Objective: To examine the risk of serious infection conveyed by tumour necrosis factor α (TNFα) inhibitors in the treatment of rheumatoid arthritis (RA). Methods: Data from patients with RA enrolled in the German biologics register RABBIT were used for analysis. Baseline patient characteristics, time-varying risk factors (treatment changes, functional capacity) and selection processes caused by dropout, death or switching to non-anti-TNF treatment were taken into account to estimate the adjusted incidence rate ratios (IRR adj ) of serious infection during treatment with TNF inhibitors compared with non-biological disease-modifying antirheumatic drug treatment. Results: Data were available on 5044 patients, in whom 392 serious infections occurred. The crude rates of serious infections in patients treated with TNF inhibitors declined over the first 3 years of observation (from 4.8 to 2.2/100 patient-years). This decline was driven by (1) treatment termination or loss to follow-up in patients at increased risk and (2) a risk reduction through decreasing glucocorticoid doses and improvement in function. Adjusted for selection processes and time-varying risk factors, the following parameters assessed at baseline (age, chronic diseases) or at follow-up prior to the infection were significantly associated with an increased risk: age >60 years, chronic lung or renal disease, low functional capacity, history of serious infections, treatment with glucocorticoids (7.5-14 mg/day, IRR adj 2.1 (95% CI 1.4 to 3.2); ≥15 mg/day, IRR adj 4.7 (95% CI 2.4 to 9.4)) and treatment with TNFα inhibitors (IRR adj 1.8 (95% CI 1.2 to 2.7)). Conclusion: Reasons for the decline in infection rates observed at the group level were identified. The results enable expected infection rates to be calculated in individual patients based on their risk profiles.


PubMed | Friedrich - Alexander - University, Erlangen - Nuremberg, Charité - Medical University of Berlin, Immanuel Diakonie Group and Ein Leibniz Institute
Type: Evaluation Studies | Journal: Annals of the rheumatic diseases | Year: 2014

To evaluate the Rheumatoid Arthritis Observation of Biologic Therapy (RABBIT) Risk Score for serious infections in patients with rheumatoid arthritis (RA).The RABBIT Risk Score for serious infections was developed in 2011 on a cohort of RA patients enrolled in the German biologics register RABBIT between 2001 and 2007. To evaluate this score, we used data from patients enrolled in RABBIT after 1 January 2009. Expected numbers of serious infections and expected numbers of patients with at least one serious infection per year were calculated by means of the RABBIT Risk Score and compared with observed numbers in the evaluation sample.The evaluation of the score in an independent cohort of 1522 RA patients treated with tumour necrosis factor (TNF) inhibitors and 1468 patients treated with non-biological disease-modifying antirheumatic drugs (DMARDs) showed excellent agreement between observed and expected rates of serious infections. For patients exposed to TNF inhibitors, expected as well as observed numbers of serious infections were 3.0 per 100 patient-years (PY). For patients on non-biological DMARDs the expected and observed numbers were 1.5/100PY and 1.8/100PY, respectively. The score was highly predictive in groups of patients with low as well as with high infection risk.The RABBIT Risk Score is a reliable instrument which determines the risk of serious infection in individual patients based on clinical and treatment information. It helps the rheumatologist to balance benefits and risks of treatment, to avoid high-risk treatment combinations and thus to make informed clinical decisions.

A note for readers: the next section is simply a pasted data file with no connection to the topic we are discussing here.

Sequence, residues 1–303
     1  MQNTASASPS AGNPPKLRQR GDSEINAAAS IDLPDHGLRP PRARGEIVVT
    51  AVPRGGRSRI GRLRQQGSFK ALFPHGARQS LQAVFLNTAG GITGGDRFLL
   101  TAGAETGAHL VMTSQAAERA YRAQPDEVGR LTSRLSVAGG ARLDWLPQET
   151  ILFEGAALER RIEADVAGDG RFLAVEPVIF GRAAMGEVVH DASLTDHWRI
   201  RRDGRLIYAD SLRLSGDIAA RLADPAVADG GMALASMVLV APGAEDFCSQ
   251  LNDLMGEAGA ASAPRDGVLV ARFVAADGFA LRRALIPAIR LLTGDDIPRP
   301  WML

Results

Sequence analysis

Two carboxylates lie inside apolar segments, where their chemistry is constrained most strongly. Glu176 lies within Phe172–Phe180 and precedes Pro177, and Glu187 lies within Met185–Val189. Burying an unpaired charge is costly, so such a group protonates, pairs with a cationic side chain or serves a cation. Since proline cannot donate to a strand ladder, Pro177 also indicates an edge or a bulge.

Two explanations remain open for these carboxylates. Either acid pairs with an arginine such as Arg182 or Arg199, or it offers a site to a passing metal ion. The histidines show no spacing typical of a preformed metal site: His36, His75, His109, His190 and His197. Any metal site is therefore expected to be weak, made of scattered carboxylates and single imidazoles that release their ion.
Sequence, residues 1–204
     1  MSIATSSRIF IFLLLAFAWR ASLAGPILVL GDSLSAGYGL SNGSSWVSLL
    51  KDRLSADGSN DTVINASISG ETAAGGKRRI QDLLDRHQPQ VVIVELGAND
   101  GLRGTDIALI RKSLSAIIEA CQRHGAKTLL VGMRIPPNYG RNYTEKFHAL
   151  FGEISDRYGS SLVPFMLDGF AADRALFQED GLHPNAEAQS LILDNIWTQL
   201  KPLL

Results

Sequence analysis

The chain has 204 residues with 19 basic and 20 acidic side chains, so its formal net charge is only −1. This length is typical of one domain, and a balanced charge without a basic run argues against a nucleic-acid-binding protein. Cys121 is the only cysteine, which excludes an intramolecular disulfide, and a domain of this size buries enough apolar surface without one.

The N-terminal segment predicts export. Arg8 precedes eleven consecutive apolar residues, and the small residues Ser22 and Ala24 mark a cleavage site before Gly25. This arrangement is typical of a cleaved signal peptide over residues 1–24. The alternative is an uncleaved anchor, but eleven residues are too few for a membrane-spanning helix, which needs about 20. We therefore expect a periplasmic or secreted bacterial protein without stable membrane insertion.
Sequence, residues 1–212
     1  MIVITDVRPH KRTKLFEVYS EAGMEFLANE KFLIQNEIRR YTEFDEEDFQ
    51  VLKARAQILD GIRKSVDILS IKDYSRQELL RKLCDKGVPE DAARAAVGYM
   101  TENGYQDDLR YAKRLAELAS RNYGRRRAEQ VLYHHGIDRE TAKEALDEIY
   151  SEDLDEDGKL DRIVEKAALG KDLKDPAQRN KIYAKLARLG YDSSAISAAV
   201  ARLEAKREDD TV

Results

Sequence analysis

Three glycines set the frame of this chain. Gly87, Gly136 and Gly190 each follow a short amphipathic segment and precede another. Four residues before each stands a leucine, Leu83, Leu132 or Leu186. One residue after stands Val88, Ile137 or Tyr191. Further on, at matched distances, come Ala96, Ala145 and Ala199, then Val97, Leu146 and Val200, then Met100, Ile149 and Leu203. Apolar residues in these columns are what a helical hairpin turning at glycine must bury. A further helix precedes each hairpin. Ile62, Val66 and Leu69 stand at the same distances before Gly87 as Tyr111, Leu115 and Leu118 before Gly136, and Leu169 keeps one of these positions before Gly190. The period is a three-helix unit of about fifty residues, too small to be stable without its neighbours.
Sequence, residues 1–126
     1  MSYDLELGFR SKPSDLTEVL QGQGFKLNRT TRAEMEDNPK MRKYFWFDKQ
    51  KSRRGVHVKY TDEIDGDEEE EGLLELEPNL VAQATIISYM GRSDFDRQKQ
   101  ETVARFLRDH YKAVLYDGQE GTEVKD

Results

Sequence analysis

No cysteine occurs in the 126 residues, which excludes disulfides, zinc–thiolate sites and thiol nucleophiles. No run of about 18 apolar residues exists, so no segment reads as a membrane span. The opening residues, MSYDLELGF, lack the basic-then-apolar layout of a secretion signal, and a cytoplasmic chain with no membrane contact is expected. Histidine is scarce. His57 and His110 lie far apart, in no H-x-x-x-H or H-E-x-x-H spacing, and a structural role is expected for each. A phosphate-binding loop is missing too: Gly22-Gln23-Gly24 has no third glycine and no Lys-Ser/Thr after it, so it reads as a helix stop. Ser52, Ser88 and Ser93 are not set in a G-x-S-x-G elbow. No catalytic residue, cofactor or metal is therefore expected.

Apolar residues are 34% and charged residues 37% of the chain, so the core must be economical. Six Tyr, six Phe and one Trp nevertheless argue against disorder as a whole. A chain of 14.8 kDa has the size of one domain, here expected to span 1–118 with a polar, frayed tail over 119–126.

PubMed | Ein Leibniz Institute, Charité - Medical University of Berlin, Heinrich Heine University Düsseldorf and Wedau Klinikum
Type: Comparative Study | Journal: Rheumatology (Oxford, England) | Year: 2015

To compare the 24-month course of health-related quality of life (HRQoL) in patients with long-standing RA treated with a conventional synthetic (cs) or a first, second or third biologic (b) DMARD in daily rheumatological care.Patients enrolled in the German biologics register RABBIT who were observed over at least 12 months were stratified according to the nth bDMARD started at enrolment. HRQoL was captured by the SF36 health survey. Within strata of sequential bDMARD therapy, we examined patients HRQoL at baseline and at follow-ups in comparison with the general population, the 24-month course of HRQoL of different bDMARDs and the proportion of patients exceeding the minimal detectable improvement of physical and mental health sum scores.All patients reported remarkably lower scores of physical and mental health than the general population at baseline and month 12. In each stratum of sequential bDMARD therapy, patients improved significantly by month 12 and remained stable until month 24. The improvement of HRQoL was not attributable to a particular bDMARD. The following proportions of patients exceeded the minimal detectable improvement of at least 17.85 Physical Component Scale scores or 22.18 Mental Component Scale score points: csDMARD (n = 1113) 31.1%/22.3%, first bDMARD (n = 1352) 39.9%/29.7%, second bDMARD (n = 730) 37.3%/26.2% and third bDMARD (n = 680) 34.2%/30.9%.Lasting improvement of both physical and mental health is achievable even for severely affected RA patients with a history of more than one bDMARD failure. Nevertheless, impairment of HRQoL in RA patients is enormous compared with the general population.